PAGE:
The software is already at release stage 1.0 and runs on designated browsers for Windows, Linux and Mac. Alas, it is not software libre, but it is available at no cost for individual users. One more thing: Noteflight's advisory board includes the legendary Donald Byrd, a famous name in the development of music notation software. With his imprimatur on the program, I'm inclined to look into it in some depth. I'll work up a report about Noteflight as soon as possible, but in the meantime, my readers should feel free to post their own reports in the Comments section below.


Although it may be argued that Linux does not yet have its own Sibelius or Finale, it must be admitted that Linux notation software developers are working overtime to address that need. The programs reviewed in this article are growing into wonderful applications, and I advise interested readers to try them all. If you're a power user of any of them, be sure to let the developers know what you'd like to see in their software. Who knows, we might wind up with something even better than those Win/Mac stalwarts—at least, that's what I'd like to see.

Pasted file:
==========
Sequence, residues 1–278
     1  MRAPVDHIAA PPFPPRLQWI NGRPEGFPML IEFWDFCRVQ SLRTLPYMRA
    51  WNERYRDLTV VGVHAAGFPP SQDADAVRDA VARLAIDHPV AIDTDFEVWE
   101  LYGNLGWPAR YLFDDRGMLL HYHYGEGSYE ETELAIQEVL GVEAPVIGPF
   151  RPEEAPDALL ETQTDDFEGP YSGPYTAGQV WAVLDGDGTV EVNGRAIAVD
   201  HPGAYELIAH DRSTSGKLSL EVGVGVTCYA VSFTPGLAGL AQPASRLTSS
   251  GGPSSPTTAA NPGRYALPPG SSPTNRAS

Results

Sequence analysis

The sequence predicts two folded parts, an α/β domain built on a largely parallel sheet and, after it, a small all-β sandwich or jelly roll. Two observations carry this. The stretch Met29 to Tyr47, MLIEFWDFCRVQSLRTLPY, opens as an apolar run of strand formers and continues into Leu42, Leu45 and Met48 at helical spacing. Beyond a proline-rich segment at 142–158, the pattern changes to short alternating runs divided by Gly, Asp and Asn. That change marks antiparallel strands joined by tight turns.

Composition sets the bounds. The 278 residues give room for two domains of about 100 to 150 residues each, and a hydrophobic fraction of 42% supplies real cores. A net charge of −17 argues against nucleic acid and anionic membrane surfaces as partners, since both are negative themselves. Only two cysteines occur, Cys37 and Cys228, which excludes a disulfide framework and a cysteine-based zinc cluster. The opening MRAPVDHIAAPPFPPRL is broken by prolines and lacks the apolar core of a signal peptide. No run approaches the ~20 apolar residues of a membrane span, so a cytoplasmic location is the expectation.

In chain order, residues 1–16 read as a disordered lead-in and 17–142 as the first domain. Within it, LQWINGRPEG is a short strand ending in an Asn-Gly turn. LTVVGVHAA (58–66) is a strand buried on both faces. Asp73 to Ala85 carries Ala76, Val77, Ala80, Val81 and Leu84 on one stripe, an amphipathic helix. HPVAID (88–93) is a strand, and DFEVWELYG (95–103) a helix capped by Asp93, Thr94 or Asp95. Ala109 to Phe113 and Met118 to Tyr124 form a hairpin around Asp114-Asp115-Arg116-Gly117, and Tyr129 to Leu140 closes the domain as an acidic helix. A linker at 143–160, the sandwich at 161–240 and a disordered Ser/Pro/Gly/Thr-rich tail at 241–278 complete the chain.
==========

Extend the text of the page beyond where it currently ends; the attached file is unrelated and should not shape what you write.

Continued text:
Next up: who knows? I'm looking at new developments in ecasound and a new version of Guitarix (complete with new UI for the latest version of the amazing jconv), and I'm still busy testing features in the latest and greatest versions of Ardour. By my next article, the Linux Audio Conference 2009 will have completed its course, so perhaps I can get some reports from presenters and attendees. You'll just have to check back in a couple of weeks to see what I come up with. Until that time, stay tuned, breathe, keep your gear clean and your powder dry.